Tied to the Tracks

why contemporary instead of historical?

I had a short email from Joel, with a good question. It’s a good question because it keeps coming up, so I had better answer it.

Joel asked:

I’m confused about something and I’ll be honest… sometimes it doesn’t take a lot to make me confused.

Where does  Tied to the Tracks fit into your writing.

The two stand-alone contemporary novels I have out there (Tied to the Tracks and Pajama Girls of Lambert Square) are a departure from those novels I am best known for — the Wilderness series — in a whole slew of ways. In fact, it’s hard to think of things they have in common.

Lemme see if I can tease out the questions within the question.

1. why the change from historical series to contemporary stand-alone?

I’ve been writing the Wilderness series for 10+ years, and while I’m not tired of my characters, I still need a change of pace. And I have other stories I’d like to tell.

2. why Tied to the Tracks in particular?

The idea behind TTTT simmered in the back of my brain for years. Many years. I wanted to set a novel on a college campus, in part I think to deal with a lot of my own unresolved issues about my twelve years as an academic (or twenty years, if you count my education post high school). I wanted to tell a story about a couple who don’t fit the traditional mold.  That is, if you were to rewrite the book and switch gender on the characters (John as Angie, Angie as John) it would be a pretty standard approach to telling  a love story. Or at least, that’s how it feels to me. I wanted to set a story at least partially in Hoboken, a city I really like. And I wanted to be able to use my cousin Tom as a model for a character. He says no way is he like Tony Russo, but trust me, he is.

2. why the Pajama Girls of Lambert Square?

One of the things I like about writing fiction is the way it allows me to explore things I chose not to do with my life. I have always been interested in retail sales. I still think all the time about opening a shop of my own. There’s even a space I have my eye on.  This is a shop I would love to frequent if it really existed, and my guess is that if I had the time and money to get it started, it would in fact do very well.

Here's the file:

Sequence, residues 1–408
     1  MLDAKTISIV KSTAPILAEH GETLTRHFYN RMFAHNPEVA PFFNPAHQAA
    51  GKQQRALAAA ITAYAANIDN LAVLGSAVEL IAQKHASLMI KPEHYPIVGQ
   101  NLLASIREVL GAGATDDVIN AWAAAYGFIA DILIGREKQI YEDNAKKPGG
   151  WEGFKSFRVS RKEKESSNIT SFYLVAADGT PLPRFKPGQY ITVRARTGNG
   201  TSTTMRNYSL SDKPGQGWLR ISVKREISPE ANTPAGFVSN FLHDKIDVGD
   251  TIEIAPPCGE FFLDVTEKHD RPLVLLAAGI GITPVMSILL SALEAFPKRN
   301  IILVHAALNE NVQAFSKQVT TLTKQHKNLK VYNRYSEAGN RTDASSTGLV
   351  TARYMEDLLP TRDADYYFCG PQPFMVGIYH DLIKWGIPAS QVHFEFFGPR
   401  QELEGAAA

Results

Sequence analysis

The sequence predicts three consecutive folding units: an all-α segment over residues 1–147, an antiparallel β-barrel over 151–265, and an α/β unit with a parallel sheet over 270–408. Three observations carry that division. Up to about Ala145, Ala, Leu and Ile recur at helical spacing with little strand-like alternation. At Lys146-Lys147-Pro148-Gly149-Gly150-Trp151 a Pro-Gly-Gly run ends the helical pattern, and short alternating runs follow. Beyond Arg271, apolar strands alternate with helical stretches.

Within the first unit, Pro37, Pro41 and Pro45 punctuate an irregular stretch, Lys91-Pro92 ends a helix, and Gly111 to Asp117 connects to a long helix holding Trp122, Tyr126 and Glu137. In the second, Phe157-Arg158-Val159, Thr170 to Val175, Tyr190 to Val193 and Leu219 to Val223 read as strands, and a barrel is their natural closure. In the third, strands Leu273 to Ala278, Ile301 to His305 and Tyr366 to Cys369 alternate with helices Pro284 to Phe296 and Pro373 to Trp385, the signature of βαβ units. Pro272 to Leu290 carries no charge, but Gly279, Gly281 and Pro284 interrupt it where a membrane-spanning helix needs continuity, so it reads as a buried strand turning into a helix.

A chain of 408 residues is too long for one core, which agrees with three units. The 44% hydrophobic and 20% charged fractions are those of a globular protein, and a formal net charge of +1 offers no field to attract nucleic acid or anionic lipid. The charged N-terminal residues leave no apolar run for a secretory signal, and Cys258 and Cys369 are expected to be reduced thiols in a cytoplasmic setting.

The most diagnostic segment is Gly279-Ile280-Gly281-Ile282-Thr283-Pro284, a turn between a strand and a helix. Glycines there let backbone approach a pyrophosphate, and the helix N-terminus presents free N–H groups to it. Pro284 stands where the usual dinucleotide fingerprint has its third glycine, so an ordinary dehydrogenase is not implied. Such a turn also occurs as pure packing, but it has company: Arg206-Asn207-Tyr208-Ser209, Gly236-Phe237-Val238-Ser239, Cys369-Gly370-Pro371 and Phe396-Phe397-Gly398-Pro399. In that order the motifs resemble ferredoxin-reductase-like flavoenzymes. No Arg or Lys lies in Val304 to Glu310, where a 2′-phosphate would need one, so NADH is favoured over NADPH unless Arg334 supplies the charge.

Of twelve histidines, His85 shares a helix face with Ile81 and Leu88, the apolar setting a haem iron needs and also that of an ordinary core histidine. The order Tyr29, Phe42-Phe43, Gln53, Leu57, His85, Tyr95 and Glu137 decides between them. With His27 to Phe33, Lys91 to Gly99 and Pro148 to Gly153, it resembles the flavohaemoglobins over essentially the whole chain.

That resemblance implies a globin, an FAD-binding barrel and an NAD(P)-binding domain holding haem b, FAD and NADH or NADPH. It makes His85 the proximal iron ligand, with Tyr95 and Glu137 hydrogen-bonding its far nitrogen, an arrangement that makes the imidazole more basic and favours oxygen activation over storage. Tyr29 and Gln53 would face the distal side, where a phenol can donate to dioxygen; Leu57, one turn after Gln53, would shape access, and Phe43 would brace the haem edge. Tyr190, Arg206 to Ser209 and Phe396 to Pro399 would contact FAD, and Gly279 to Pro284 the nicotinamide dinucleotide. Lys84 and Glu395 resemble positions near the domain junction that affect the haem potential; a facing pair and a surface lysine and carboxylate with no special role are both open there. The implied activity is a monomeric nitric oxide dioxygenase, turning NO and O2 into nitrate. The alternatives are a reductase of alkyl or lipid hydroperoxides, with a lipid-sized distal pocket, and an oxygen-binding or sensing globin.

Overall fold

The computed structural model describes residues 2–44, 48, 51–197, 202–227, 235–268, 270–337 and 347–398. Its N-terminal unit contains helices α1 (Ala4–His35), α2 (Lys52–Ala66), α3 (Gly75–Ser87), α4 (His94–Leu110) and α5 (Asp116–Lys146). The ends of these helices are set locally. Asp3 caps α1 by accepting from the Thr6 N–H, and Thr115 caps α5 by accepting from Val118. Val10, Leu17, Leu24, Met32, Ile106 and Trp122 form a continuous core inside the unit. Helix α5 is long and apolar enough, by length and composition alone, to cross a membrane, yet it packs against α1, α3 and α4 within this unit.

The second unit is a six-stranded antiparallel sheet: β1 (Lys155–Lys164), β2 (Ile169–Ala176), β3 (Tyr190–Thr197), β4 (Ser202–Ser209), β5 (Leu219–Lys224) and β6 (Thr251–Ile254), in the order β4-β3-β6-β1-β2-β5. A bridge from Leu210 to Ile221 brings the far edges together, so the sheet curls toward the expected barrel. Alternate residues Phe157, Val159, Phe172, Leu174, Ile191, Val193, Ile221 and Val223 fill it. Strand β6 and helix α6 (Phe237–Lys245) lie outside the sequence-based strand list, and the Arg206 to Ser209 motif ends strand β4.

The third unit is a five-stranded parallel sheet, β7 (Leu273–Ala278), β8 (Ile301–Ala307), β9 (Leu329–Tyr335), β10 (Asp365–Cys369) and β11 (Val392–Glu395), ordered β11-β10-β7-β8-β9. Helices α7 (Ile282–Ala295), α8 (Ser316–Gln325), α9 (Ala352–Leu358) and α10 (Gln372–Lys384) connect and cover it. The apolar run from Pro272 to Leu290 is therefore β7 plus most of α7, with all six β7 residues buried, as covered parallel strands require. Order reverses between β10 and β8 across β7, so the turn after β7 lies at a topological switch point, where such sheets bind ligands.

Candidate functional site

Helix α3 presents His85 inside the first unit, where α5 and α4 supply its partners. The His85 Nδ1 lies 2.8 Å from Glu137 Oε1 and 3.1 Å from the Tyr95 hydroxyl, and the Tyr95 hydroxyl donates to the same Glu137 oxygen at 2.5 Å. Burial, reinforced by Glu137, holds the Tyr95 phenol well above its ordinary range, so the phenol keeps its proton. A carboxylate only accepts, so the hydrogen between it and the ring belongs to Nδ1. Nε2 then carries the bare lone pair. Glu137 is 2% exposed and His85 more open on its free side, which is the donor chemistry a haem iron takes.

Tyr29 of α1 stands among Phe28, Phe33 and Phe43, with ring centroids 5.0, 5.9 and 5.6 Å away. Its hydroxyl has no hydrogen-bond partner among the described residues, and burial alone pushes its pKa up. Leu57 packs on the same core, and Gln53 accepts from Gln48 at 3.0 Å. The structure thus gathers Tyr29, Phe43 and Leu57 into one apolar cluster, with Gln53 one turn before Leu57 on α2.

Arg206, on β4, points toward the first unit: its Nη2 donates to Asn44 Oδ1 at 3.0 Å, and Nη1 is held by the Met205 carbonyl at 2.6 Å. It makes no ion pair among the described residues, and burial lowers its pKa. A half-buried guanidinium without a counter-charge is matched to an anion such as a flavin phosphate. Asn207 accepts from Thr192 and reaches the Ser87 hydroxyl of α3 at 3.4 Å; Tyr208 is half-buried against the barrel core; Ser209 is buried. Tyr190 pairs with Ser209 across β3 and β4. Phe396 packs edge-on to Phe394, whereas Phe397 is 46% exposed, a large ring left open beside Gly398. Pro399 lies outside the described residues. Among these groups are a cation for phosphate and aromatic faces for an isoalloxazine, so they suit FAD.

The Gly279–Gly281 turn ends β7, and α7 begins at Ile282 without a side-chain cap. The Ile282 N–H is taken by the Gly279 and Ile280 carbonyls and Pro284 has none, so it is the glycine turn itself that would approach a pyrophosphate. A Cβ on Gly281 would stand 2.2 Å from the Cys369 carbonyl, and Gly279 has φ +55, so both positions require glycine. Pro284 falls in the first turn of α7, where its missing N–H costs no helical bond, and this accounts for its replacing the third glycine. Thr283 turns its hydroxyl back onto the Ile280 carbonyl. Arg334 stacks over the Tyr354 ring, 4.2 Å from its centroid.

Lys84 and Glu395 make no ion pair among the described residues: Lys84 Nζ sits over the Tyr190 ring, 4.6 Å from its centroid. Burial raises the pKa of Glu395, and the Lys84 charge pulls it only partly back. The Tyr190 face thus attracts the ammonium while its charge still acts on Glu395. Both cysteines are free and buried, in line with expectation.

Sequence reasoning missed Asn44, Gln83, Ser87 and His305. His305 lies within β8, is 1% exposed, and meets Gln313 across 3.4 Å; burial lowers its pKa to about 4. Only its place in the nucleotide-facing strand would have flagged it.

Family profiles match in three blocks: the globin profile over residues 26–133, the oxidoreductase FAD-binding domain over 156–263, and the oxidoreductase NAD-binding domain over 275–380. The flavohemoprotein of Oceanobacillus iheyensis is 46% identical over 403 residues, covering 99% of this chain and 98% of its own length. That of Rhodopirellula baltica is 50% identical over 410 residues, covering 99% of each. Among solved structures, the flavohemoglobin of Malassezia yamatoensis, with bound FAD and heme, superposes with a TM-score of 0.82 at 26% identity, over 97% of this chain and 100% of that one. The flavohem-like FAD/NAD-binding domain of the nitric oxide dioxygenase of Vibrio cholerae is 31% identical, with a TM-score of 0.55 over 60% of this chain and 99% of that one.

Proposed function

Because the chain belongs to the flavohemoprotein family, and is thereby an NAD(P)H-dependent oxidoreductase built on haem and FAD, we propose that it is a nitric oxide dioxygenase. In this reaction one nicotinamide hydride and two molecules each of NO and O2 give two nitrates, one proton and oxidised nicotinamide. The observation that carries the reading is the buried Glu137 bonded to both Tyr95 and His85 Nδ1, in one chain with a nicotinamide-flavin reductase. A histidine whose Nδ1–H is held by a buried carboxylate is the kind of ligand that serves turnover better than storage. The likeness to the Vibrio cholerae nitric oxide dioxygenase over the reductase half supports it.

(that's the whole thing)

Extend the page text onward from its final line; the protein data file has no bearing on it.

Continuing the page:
So I’m a frustrated retail person. Here’s an example. Our grocery store is fairly small. It has a little cafe with about a dozen tables set into the middle of the deli area. I’ve had this idea for a long time so I finally approached the store manager about it. I said, You know, if you invested in six or ten general cookbooks and left them in the cafe area for people to use (along with paper and pencil for making lists), I think people would really take advantage of that. And you’d sell more groceries. She said, wow, that IS a good idea. I’ll bring it up to my supervisor (this is a local chain of about six stores).

That was over a year ago, and so far, nothing. I doubt it will ever happen, but I don’t understand why it won’t. We’re talking about an investment of (tops) $150. Is that not worth a try? It seems not.

To the same manager I said, you know, if you put one sm all section of your books/magazines aisle aside for local authors, you’d get a lot of appreciation and attention for that. Because there are a lot of local authors, and not everybody makes it to the local independent bookstore, so they just wouldn’t know.

Again, nothing.

So to get back to the original question, Pajama Girls was a way for me to explore all the various ideas I have had over the years about retail sales.

The other, more important impetus for PG was my interest in writing a novel about people with phobias that restrict the way they live their lifes. I wanted to really explore Julia’s mindset and her understanding of what she had to do to keep herself safe. The same was true of John, of course, but Julia was the most interesting phobia to me. I think because I worked through all of those issues with Julia I have a special affection for her in the long list of characters born out of my subconscious.

3. why not stick with historicals?

I love writing historicals, but they take a lot out of a person. The research is rewarding but demanding. And I need to pick up my pace and put more books out there if I want to keep writing full time.

Have I missed any nuances of the original question? Please let me know.

my druthers

In response to my question (a couple posts ago) about what you’d like to see me write next, someone asked what I really want to write, what I would write if marketing and mortgages and tuitions were not an issue.

First, let me try to wrap my head around that idea.